September 6, 2011

Unconditional Surrender

Unconditional Surrender © Evelyn Howard 2011

A 25 feet sculpture in San Diego.

If you were kissed by a total stranger -  a sailor in this case – in the midst of a momentous celebration, what would you do?  Read about it here.

I saw a few couples in the same pose, kissing in front of the statue, while being photographed.

Unconditional Surrender sketch © Evelyn Howard 2011

I drew this while sitting on the green grass under a tree.

It seemed like a very popular sculpture. A few people were curious and came to have a look at my drawing, and to chat. Someone took a photo of my hand drawing…

Half an hour later, and 500 feet away, someone approached me. He said he saw me drawing the statue, and was curious how it turned out on paper. I showed him. He smiled, and nodded. I think he approved.


yoon see said...

Real cool scuplture of a kissing couple!

diane b said...

That is a great sculpture and to think I was in San Diego in June and missed it. Your sketch is great too as usual.

LĂșcia said...

It's so cool a sculpture was made inspired on that shot!
I approve it too; fantastic sketch Evelyn! ;-)

Kaori said...

Are these all over the states? I know that a huge Marilyn Monroe statue is in Chicago right now.

Anyways, I love the way you drew them! I would definitely have taken a photo of you drawing it if I were there, too :D

L.W.Roth, said...

This sculpture was done from a famous photograph, V-J Day Time Square,by Alfred Eisenstaedt, shot on August 14,1945 and published in Life Magazine. It signifies the great joy Americans shared on the ending of World War II.It is an important sculpture in that itcommemorates a very important day, but the photo is the art. Read all about it at:

Anonymous said...

My wife loves the original photo of this piece. Very nice. Nice drawing too.

Kala said...

Your sketch of this famous image is quite good Evelyn!

stardust said...

Does "Unconditional Surrender" have double meaning? On August 15, 1945, Japan accepted the declaration of "unconditional surrender" of Potsdam. Japanese people were liberated from the war started by the wrong militarism. I wonder that self-expression of sense of freedom by the sailor is cultural thing?

Your sketch is great as usual. Have a happy week, Evelyn.

Evelyn said...

> Kaori
They are both by the same artist. A quick google search tells me that he's done a number of large sculptures.
Thanks Koari.

> Stardust/Yoko
If I didn't know about the event, I'd relate the title to the nurse surrending herself to the kiss, and enjoying the moment. What do you think?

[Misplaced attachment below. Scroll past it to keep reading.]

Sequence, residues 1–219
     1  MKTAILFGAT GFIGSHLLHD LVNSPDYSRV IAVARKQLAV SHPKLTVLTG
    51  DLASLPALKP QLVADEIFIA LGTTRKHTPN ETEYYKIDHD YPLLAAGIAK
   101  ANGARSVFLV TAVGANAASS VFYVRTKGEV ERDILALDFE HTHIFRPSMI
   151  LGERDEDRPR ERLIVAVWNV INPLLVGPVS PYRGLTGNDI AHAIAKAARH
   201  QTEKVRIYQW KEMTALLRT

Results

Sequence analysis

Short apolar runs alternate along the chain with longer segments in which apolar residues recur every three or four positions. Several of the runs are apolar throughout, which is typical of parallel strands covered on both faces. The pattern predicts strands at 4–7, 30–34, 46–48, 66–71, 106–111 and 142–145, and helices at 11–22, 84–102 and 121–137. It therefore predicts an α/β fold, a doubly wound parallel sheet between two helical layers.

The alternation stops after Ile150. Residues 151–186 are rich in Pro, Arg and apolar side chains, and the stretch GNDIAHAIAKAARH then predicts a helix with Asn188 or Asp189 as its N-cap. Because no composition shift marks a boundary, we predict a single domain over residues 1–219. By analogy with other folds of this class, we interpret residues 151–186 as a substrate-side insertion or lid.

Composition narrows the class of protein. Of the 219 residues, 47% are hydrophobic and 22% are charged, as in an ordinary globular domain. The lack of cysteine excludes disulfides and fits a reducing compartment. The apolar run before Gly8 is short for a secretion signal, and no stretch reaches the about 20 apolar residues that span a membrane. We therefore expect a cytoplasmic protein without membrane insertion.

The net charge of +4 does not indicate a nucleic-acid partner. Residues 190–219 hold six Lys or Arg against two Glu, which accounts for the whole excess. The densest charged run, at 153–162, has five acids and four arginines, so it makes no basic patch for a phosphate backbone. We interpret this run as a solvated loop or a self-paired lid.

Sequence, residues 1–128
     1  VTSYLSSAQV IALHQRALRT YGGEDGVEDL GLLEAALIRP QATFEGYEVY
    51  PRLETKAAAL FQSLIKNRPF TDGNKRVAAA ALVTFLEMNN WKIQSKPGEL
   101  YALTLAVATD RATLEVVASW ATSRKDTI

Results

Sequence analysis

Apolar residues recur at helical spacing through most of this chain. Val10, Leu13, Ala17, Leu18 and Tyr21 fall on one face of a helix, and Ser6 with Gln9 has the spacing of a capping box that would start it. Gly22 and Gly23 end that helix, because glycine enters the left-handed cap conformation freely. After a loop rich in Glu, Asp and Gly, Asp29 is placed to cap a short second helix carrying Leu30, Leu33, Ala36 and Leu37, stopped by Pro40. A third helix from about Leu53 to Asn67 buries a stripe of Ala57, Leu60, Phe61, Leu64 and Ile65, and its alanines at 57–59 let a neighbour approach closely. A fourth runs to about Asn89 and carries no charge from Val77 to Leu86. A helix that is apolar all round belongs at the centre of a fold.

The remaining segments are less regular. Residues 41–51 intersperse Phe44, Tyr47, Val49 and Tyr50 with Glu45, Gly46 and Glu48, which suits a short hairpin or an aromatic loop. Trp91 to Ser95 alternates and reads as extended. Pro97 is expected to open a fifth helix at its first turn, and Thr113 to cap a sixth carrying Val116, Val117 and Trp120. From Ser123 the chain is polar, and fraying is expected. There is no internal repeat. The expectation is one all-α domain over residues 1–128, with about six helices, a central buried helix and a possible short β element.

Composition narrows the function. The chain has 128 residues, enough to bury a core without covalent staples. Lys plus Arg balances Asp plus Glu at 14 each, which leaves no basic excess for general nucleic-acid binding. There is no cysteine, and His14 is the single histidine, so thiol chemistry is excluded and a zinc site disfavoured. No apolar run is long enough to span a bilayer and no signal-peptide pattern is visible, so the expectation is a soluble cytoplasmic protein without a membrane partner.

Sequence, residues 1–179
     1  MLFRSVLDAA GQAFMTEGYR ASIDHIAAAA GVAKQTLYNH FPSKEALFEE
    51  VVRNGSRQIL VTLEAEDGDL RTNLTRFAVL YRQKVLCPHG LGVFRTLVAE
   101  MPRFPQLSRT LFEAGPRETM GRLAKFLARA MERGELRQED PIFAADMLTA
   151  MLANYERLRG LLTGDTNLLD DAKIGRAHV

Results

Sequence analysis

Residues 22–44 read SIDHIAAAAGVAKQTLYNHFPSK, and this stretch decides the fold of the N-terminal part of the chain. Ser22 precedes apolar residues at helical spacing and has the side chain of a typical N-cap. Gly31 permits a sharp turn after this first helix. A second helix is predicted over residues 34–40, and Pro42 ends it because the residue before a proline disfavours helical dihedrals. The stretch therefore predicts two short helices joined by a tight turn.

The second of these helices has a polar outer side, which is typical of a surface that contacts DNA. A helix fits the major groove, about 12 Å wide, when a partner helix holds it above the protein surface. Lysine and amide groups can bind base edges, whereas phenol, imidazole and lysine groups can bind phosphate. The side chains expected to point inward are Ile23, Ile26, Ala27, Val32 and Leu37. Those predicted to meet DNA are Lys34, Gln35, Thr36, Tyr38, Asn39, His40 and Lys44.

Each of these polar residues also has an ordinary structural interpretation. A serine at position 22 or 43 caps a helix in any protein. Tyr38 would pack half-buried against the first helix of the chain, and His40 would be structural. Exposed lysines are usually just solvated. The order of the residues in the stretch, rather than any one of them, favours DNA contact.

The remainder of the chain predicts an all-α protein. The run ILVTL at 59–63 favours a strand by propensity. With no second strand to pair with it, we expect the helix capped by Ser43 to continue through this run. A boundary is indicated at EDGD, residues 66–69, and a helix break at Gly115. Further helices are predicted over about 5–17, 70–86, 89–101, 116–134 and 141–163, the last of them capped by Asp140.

Haha, I think that his expression is not cultural or common, which is why the photo and this sculpture are famous...
Thanks Yoko.

>Thanks Everyone, who came to visit and who left a comment.

Marius Barbu said...

This is a funny concept!

stardust said...

Hi, Evelyn!

At first, I had the same idea with yours. Then I wondered if it had dual meaning though not immediately noticeable, after reading "August 14, 1945" in the other comment. If so, clever title!


Evelyn said...

Yoko, I agree - it's a clever title.

nelleke said...

haha, people standing in front of the statue taking the same pose :-) It's always so amusing to watch people on these popular spots.
great you've draw it, nice sketch!

Evelyn said...

Yeah, it's fun people watching.
Thanks, Happy Weekend, Ev

Francisca said...

There's lots I can say here. I immediately recognized that it was a 3D of the photo. I didn't know the two did not know each other and I'm surprised they could trace the woman and have her attend the unveiling of the sculpture. It's a sign of the times, but if today a man did that, he'd be doing time for assault; see your next post. ;-) I like your sketch of it a lot.

Postcards from Wildwood said...

It's a lovely story. I love that it was inspired by a real event, and that the nurse in question has an input into the little article you linked to. Actually, I like your sketch better than the statue - it's a lovely depiction but the scale of it, when seen in the photos alongside real people, seems too big to me. Probably citizens of San Diego will hate me for that remark! (Sorry, everyone!)

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